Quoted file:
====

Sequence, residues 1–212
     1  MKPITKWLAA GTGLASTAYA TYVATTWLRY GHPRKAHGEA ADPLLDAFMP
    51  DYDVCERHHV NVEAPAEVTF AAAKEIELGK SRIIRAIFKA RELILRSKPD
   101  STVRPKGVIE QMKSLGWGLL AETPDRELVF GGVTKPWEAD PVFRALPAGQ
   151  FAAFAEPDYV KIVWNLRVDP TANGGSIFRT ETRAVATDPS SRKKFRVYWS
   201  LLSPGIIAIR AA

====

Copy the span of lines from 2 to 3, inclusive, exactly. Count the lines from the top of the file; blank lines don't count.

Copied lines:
     1  MKPITKWLAA GTGLASTAYA TYVATTWLRY GHPRKAHGEA ADPLLDAFMP
    51  DYDVCERHHV NVEAPAEVTF AAAKEIELGK SRIIRAIFKA RELILRSKPD